In July the Portland Museum of Art in Maine exhibited “;Sisters in Time: Affinities in the Work of Julia Margaret Cameron and Joyce Tenneson,”; which showed Tenneson's work alongside those of the 19th-century British portraitist.

“;The museum's curator had the idea of comparing my work to Cameron's. I was very happy, obviously, with the idea because I've always loved Cameron's work. We both have very strong personalities, and our own personal styles show that we're not afraid to do work close to our hearts. ... Cameron also did so many portraits of women at that time, and she was one of first photographers to go below the surface and into her subject's personal world.”;

TENNESON came into photography first as a model for Polaroid in 1967. Curious to learn more, she asked for, and got from the company, a 20-by-24-inch camera.

“;Back then, photography was not taught in colleges; that's only happened over the last 25 years. So I was excited for the opportunity to get a free camera and free film.”;

She considers herself lucky that photography gave voice to her creativity.

“;I was really attracted to the autobiographical aspect of it, so I started with self-portraits when I was in my 20s and early 30s. My work then expanded to a whole interest in the psyche and human condition, and it's those portraits that defined my style.”;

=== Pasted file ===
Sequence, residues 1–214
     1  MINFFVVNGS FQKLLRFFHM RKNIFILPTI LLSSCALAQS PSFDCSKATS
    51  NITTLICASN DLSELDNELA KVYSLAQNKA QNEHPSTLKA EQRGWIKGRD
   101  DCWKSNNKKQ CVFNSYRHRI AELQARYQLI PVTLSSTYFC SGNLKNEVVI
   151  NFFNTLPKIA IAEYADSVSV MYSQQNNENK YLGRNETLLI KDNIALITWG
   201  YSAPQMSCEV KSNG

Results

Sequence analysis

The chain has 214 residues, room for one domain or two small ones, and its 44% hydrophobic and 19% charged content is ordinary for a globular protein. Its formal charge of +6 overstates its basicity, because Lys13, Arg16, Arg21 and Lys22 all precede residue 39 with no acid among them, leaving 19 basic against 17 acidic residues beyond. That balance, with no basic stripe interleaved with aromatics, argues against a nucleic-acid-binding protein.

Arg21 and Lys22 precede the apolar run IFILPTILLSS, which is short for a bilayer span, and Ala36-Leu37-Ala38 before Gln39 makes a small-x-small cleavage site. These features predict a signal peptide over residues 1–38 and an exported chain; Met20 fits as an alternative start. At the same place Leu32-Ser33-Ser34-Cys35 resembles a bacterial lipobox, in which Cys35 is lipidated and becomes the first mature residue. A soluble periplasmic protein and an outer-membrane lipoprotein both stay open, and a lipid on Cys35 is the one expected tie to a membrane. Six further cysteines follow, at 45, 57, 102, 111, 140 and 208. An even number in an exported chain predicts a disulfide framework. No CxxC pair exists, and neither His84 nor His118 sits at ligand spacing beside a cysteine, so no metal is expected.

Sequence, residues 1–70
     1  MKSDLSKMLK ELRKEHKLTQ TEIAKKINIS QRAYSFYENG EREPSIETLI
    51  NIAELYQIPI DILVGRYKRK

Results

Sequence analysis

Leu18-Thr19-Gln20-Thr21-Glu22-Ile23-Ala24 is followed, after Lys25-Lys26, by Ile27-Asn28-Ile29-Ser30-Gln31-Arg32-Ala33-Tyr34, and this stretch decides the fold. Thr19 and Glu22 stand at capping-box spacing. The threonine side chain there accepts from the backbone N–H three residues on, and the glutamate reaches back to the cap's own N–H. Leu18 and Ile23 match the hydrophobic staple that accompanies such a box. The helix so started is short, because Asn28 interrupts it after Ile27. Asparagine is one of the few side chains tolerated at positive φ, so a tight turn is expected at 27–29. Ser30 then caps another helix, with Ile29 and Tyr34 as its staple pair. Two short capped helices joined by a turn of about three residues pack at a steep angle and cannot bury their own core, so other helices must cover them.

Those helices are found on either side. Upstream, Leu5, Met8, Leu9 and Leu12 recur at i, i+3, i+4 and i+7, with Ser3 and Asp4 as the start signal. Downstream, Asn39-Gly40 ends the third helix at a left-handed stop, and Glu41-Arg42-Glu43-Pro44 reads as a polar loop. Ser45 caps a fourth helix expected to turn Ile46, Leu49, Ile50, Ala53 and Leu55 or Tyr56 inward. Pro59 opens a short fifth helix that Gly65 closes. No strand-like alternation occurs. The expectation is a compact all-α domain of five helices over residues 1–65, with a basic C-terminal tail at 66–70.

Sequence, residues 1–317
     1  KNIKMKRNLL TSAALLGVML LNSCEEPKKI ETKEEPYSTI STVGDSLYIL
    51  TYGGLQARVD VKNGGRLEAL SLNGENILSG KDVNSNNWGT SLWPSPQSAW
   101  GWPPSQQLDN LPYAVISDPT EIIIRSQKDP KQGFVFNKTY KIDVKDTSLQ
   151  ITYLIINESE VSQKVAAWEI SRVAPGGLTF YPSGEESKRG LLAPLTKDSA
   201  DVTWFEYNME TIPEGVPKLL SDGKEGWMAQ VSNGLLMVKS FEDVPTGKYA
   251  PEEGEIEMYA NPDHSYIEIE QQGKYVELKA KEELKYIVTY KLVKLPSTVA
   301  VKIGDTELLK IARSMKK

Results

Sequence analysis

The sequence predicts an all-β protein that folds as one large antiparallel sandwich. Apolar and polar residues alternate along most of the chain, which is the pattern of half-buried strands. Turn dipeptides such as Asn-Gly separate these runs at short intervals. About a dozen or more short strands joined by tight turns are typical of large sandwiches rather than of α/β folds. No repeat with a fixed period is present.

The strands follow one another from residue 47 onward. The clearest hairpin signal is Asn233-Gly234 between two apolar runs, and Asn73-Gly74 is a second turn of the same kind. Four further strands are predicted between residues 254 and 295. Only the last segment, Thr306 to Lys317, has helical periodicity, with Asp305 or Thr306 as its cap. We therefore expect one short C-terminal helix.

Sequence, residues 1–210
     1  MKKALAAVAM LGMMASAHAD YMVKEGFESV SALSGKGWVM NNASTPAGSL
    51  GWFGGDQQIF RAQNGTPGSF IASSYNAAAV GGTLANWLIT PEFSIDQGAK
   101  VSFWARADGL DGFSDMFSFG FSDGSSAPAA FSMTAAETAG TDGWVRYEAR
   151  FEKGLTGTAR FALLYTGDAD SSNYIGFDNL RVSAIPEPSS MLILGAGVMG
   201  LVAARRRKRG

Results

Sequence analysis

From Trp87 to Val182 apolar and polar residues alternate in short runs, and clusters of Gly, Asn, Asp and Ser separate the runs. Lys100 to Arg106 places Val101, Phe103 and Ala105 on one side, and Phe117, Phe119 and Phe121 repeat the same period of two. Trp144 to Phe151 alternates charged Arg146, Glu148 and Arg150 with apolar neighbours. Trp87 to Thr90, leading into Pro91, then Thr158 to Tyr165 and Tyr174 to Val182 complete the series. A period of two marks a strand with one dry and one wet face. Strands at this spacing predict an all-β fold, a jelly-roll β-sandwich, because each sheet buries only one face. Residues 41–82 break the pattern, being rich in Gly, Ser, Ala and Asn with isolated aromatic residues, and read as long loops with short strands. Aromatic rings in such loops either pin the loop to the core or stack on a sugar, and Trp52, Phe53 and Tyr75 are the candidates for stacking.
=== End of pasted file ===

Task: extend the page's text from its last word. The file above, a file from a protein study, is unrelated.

Tenneson got her master's degree in fine arts, with a concentration in photography, from George Washington University, mainly so she could teach.

She later moved to New York City to do assignment work, and her portraits of the famous graced the pages of such magazines as Life, Esquire and the New York Times' Sunday supplement.

Her subjects have included Ben Kingsley, Norah Jones, Judi Dench, Robert De Niro, Jodie Foster, Hillary Rodham Clinton, Tom Brokaw, Bill Cosby, Willie Nelson, James Taylor and Marisa Tomei.

Eventually, Tenneson wanted to concentrate on putting out her own collections and, in need of more space, decided to move to an area that appealed to her.

In moving to Maine, she said, “;I wanted to bring my whole archive under one roof, and to work on it - filing and re-scanning the negatives - near the Rockport harbor is such a gift.”;

Tenneson is looking forward to meeting Hawaii's photo students and professionals.

After her Oahu visit, she'll head to the Big Island, armed with guidebooks, to look for more artistic inspiration.

That side trip might help with her current endeavor, editing a book called “;The View Project.”;

“;It'll be a book of images from other well-known photographers who have been moved by different kinds of landscapes, whether they be a mountain range, a desert or a city. I have about 80 images so far. Those pictures will also reflect each photographer's inner life, something beyond the surface beauty.”;

With a beautiful view of the harbor outside her home, Tenneson said the move “;really changed my life. I realize that, all my life, I've been called by the ocean. It immediately balances me. It's also put me in touch with the sense of the divine, and with this project, curious about other views and other places. I know it's something I'll be working on for quite a while.”;

On the Net:
» www.tenneson.com